Scheme 2. Synthesis of NH-1,2,3-triazoles from substituted propargyl halides or sulfonates.

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NH-1,2,3-triazoles from functionalized propargyl azides and methanol. In order to clarify whether the sequence 2 → 3 → 4 → 5 is affected or prevented by additional functional groups, for example, by an unwanted further [3,3]-sigmatropic rearrangement of intermediate 3, we tested the substrates 2v–z,aa–dd (Scheme 3). The starting compounds 2w,bb,55 and 2dd56 were described in literature and prepared by simple treatment of the corresponding bromides or mesylates with sodium azide. Similarly, the azide 2v was available from the appropriate and known57 mesylate, whereas 2x was synthesized from hexa-4,5-dien-2-yn-1-ol58 and phosphorus tribromide followed by the reaction of the resulting propargyl bromide with sodium azide. 59 The amine 2y was accessible by treating 4-chlorobut-2-yn-1-ylamine hydrochloride60 with an excess of sodium azide.59 In the cases of 2z and 2aa, the propargyl chlorides, which were necessary to synthesize the azido compounds, were prepared by the reaction of 1,4-dichlorobut-2-yne with ethylene glycol or catechol in the presence of potassium hydroxide. 59 When 2-bromo-2-phenylacetaldehyde61,62 was reacted with phenylethynylmagnesium bromide, the resulting bromohydrin was transformed into the azidohydrin on exposure to sodium azide followed by mesylation and a second nucleophilic substitution to produce diazide 2cc as a mixture of anti/syn diastereomers.59

Scheme 3. Treatment of functionalized propargyl azides with methanol to produce 4methoxymethyl-1,2,3-triazoles.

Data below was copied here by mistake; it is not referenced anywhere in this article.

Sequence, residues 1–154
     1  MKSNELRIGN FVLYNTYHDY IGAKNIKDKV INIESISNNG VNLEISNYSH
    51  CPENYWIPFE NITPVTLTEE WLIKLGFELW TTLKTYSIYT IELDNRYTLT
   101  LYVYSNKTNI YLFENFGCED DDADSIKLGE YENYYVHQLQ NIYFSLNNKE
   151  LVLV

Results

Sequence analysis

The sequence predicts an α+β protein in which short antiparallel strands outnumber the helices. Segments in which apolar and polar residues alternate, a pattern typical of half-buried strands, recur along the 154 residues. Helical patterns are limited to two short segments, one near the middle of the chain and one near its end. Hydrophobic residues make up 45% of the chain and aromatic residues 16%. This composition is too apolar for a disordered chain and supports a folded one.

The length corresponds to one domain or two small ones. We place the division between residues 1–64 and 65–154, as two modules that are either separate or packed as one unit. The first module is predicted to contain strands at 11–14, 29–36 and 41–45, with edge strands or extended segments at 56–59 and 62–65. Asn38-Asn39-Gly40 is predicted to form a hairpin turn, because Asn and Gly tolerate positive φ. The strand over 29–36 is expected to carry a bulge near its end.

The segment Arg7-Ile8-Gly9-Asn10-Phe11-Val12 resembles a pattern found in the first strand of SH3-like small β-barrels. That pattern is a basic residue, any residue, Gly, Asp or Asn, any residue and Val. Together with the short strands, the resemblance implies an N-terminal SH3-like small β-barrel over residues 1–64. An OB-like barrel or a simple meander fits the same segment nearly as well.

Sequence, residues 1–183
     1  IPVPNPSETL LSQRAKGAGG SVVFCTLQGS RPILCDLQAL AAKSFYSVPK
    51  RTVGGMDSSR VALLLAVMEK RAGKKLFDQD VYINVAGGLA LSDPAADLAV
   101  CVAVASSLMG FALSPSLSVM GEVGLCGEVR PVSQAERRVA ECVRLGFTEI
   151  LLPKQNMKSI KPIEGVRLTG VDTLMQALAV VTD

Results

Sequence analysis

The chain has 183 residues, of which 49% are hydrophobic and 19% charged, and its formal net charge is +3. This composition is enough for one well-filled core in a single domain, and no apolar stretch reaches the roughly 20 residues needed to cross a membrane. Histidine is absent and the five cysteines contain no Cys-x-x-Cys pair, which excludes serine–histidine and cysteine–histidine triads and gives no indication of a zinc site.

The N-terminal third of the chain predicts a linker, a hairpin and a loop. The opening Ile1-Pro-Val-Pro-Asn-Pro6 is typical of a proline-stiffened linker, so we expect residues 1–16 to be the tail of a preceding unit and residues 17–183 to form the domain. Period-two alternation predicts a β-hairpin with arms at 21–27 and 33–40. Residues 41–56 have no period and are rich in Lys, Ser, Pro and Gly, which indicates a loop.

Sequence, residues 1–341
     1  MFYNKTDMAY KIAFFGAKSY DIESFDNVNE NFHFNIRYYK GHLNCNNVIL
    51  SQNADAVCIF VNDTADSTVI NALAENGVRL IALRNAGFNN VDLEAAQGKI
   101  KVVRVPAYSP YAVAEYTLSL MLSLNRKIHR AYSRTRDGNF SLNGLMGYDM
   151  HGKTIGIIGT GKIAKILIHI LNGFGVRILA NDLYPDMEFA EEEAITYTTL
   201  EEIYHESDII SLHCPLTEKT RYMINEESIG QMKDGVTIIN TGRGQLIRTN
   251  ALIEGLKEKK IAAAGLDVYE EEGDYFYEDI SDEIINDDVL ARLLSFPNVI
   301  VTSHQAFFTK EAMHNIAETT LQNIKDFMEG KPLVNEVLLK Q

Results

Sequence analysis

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On gentle heating with an excess of methanol the propargyl azides 2v, 2w, and 2x afforded in moderate to good isolated yields the NH-1,2,3-triazoles 5v, 5w, and 5x, respectively. Obviously, unwanted side reactions of the intermediate allenyl azides 3v–x, such as electrocyclization of the carbon scaffold or another [3,3]-sigmatropic migration of the azido group, did not hamper the desired ring closure to form 4v–x and the interception products 5v–x. On the other hand, it is known from previous experiments that short-lived azidoallenes 3w and 3x can be trapped by [4+2]cycloaddition when solutions of the precursors 2w or 2x in tetrahydrofuran were heated in the presence of tetracyanoethene.63 The allenyl azide 3bb did not undergo an unwanted Cope rearrangement because of the mild conditions of its formation and subsequent ring closure. Thus, substrate 2bb led to NH-1,2,3-triazole 5bb via intermediates 3bb and 4bb. This is in contrast to the reported64 isomerization of 5-thiocyanatohept-1-en-6-yne by flash vacuum pyrolysis at 260– 400 °C. In this case, the [3,3]-sigmatropic migration of the thiocyanato group to generate an allenyl isothiocyanate was always accompanied by a succeeding Cope rearrangement. After heating a solution of diazide 2cc (anti/syn ca. 1:1) in methanol, the NH-1,2,3-triazole 5cc was isolated as a 6:1 mixture of diastereomers with 57% yield. Careful analyses of the crude reaction mixtures with the help of 1H NMR spectroscopy showed that always 9% of cinnamonitrile (10) was formed besides 69–71% of the main product 5cc when substrates anti-2cc or syn-2cc were treated with boiling methanol. We explain the generation of the side product 10 through a further [3,3]-sigmatropic shift of an azido group occurring in the intermediate 3cc, which led to the unstable diazide 9 that liberated two molecules of dinitrogen with formation of 10 and benzonitrile (Scheme 4). The analogous decay of other open-chain 1,2-diazidoethenes to produce two cyano-substituted fragments via very short-lived 2-azido-2H-azirines was recently investigated.65 The competing secondary reactions of 3cc, electrocylic reaction to generate 4cc and sigmatropic isomerization to form 9, are similar to those of 3,4-diazidobuta-1,2-dienes, which were accessible as elusive intermediates by [3,3]-sigmatropic rearrangement of 1,4-diazidobut-2-ynes. In the latter cases, both electrocylization yielding NH-1,2,3-triazoles,37 and alternatively a second sigmatropic shift to produce 2,3-diazidobuta-1,3-dienes66-68 were previously reported. The diazide 2dd did not lead to unwanted side products; however, longer reaction times were necessary to prepare the bi-1,2,3-triazol-4-yl derivative 5dd. On heating solutions of 2y, 2z, or 2aa in methanol, the NH-1,2,3-triazole products did not include those of intramolecular trapping of the intermediates 4y, 4z, or 4aa, namely pyrrole or 1,4dioxocine compounds. Instead, the methanol interception products 5y, 5z, and 5aa were isolated in moderate to good yields. Obviously, intramolecular trapping of the corresponding triazafulvene species 4 is highly disfavored, and even heating of 2y, 2z, or 2aa in non-nucleophilic organic solvents like chloroform or toluene yielded at the most trace amounts (<1%) of such products. The NH-1,2,3-triazole 5y was previously prepared by treating 4-methoxybut-2-yn-1-yl benzenesulfonate first with sodium azide and then with aqueous ammonia. 30